Two-wheeled jalopies

Are bikes unreliable? I mean “1930s dustbowl junker full of starving Oakies broken down at the side of the road” unreliable, and compared to the slick, service every 60,000 km cars being made today? I’ve had two flats in the last two months, the first resulting from a complete tire failure and blowout, the second a spontanous leak in an inner tube – which happened in the dark on a paved trail south of Edward’s Gardens and which took over an hour to fix (I broke a tool trying to get the damn tire off).

Recently I had to replace my pannier rack, as one of the welds had broken. Oh, and when I had the tire fixed the second time, the rear wheel also needed to be trued as all the spokes were loose, maintenance which I had performed at the shop in the late spring. And this is a good wheel, a Mavic something or other which replaced the stock wheel when I wore that out after three years. Then there are fender issues, cable problems, brake pads to adjust or replace, tires that need frequent topping up, a chain I grease constantly and have to replace two times per year…the list goes on.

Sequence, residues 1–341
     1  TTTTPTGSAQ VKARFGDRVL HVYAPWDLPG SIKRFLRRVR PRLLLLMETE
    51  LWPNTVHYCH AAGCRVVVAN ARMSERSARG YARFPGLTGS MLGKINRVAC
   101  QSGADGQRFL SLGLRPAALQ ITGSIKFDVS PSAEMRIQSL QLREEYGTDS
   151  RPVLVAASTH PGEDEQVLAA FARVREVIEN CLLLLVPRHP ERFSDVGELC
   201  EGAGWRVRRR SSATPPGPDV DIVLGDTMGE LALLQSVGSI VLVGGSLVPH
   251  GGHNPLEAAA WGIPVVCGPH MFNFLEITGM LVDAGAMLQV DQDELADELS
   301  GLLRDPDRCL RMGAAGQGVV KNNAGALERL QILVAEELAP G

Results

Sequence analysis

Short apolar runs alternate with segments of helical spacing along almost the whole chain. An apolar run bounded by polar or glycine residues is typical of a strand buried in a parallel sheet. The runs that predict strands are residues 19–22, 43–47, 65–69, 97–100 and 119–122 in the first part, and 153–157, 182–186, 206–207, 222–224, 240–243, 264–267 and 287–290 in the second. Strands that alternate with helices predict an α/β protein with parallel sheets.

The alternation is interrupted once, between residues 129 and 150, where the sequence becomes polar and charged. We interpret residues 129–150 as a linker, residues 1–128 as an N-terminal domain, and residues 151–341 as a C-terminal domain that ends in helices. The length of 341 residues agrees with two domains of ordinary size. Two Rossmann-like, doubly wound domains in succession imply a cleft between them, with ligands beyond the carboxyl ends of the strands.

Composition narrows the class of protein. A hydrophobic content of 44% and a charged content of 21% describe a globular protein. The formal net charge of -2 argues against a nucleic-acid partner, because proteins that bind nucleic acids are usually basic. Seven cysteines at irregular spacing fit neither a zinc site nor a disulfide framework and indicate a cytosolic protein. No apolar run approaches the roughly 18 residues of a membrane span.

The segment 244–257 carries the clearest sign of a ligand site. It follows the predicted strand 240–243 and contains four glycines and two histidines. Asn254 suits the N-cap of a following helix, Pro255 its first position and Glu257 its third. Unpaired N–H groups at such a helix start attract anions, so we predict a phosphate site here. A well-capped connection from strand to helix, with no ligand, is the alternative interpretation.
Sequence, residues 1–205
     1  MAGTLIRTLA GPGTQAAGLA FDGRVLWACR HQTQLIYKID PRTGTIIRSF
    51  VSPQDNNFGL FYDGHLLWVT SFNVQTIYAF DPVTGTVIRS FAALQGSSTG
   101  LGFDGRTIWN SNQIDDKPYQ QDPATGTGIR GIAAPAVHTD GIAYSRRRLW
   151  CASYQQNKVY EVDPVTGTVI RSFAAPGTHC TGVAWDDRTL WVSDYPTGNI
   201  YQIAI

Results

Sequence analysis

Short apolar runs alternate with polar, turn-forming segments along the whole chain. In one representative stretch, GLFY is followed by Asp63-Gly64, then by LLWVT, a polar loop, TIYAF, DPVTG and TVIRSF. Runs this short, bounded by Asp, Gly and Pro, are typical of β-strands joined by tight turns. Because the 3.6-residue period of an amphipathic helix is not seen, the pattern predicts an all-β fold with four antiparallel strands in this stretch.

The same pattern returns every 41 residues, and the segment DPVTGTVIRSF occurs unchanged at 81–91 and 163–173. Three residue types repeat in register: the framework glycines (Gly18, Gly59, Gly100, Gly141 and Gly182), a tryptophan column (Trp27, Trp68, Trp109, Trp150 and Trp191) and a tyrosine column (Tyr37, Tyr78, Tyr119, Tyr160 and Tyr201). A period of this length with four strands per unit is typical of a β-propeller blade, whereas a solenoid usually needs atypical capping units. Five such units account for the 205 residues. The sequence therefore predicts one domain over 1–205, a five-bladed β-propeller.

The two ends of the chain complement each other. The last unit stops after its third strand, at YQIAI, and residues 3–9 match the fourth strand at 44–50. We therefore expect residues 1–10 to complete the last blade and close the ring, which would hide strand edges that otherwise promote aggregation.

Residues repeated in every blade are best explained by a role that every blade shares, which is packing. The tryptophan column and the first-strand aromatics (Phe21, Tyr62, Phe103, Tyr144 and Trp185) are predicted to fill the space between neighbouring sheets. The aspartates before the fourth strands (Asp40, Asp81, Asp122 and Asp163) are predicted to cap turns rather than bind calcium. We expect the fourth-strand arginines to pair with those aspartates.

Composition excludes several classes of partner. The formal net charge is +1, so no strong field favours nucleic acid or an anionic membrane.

I ride a lot – about 100 km per week – but that’s nothing compared to how far people drive their vehicles each week without incident. Yet it seems I suffer a lot of cycling downtime, which is of special inconvenience because I only have one bike and I use it to commute. Do bikes suck for reliability? Is there going to be a time in 30 years when we look back and smile at what cyclists had to put up with? Or is this simply a byproduct of the simple fact that the weight ratio of rider to vehicle – at least in my case – is 8 to 1. While the ratio for, say, my shameful minivan, is 18 to 1 – vehicle to rider.

Do you think bike manufacturers have gone too far trying to make bicycles light? Or do I need a tougher, heavier bike? I’m curious to know the experience of other riders. Pipe up!

1 thought on “Two-wheeled jalopies”

  1. It amazes me that we still use tires that are so fragile and that a flat can lead to total vehicle — bike or car — immobilization. Could we not fill bike tires with a lightweight solid or gel-like material — silicon, styrofoam, etc. — that can survive puncture from a small piece of glass or stray wire? Maybe it would be slower, but I think your average commuter would take that tradeoff.

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